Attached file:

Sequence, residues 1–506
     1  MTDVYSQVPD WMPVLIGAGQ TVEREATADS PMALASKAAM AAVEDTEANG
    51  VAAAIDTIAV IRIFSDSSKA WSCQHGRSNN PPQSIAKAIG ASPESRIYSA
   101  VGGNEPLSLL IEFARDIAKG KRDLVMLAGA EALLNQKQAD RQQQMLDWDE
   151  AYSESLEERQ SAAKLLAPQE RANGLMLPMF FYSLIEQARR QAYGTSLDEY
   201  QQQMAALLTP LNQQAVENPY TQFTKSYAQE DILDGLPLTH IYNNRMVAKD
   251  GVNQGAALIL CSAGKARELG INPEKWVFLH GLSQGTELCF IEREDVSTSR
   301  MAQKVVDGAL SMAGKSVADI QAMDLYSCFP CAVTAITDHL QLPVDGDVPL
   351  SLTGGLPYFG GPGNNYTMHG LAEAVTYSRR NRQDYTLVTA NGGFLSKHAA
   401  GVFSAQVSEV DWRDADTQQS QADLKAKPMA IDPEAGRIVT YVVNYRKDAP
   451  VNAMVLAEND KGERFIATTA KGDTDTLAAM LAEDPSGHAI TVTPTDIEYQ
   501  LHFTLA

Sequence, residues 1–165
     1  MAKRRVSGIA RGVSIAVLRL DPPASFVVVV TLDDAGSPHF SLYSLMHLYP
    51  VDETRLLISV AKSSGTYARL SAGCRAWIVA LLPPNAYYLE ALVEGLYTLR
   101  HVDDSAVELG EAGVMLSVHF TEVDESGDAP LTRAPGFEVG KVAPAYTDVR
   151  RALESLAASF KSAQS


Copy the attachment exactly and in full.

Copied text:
Sequence, residues 1–506
     1  MTDVYSQVPD WMPVLIGAGQ TVEREATADS PMALASKAAM AAVEDTEANG
    51  VAAAIDTIAV IRIFSDSSKA WSCQHGRSNN PPQSIAKAIG ASPESRIYSA
   101  VGGNEPLSLL IEFARDIAKG KRDLVMLAGA EALLNQKQAD RQQQMLDWDE
   151  AYSESLEERQ SAAKLLAPQE RANGLMLPMF FYSLIEQARR QAYGTSLDEY
   201  QQQMAALLTP LNQQAVENPY TQFTKSYAQE DILDGLPLTH IYNNRMVAKD
   251  GVNQGAALIL CSAGKARELG INPEKWVFLH GLSQGTELCF IEREDVSTSR
   301  MAQKVVDGAL SMAGKSVADI QAMDLYSCFP CAVTAITDHL QLPVDGDVPL
   351  SLTGGLPYFG GPGNNYTMHG LAEAVTYSRR NRQDYTLVTA NGGFLSKHAA
   401  GVFSAQVSEV DWRDADTQQS QADLKAKPMA IDPEAGRIVT YVVNYRKDAP
   451  VNAMVLAEND KGERFIATTA KGDTDTLAAM LAEDPSGHAI TVTPTDIEYQ
   501  LHFTLA

Sequence, residues 1–165
     1  MAKRRVSGIA RGVSIAVLRL DPPASFVVVV TLDDAGSPHF SLYSLMHLYP
    51  VDETRLLISV AKSSGTYARL SAGCRAWIVA LLPPNAYYLE ALVEGLYTLR
   101  HVDDSAVELG EAGVMLSVHF TEVDESGDAP LTRAPGFEVG KVAPAYTDVR
   151  RALESLAASF KSAQS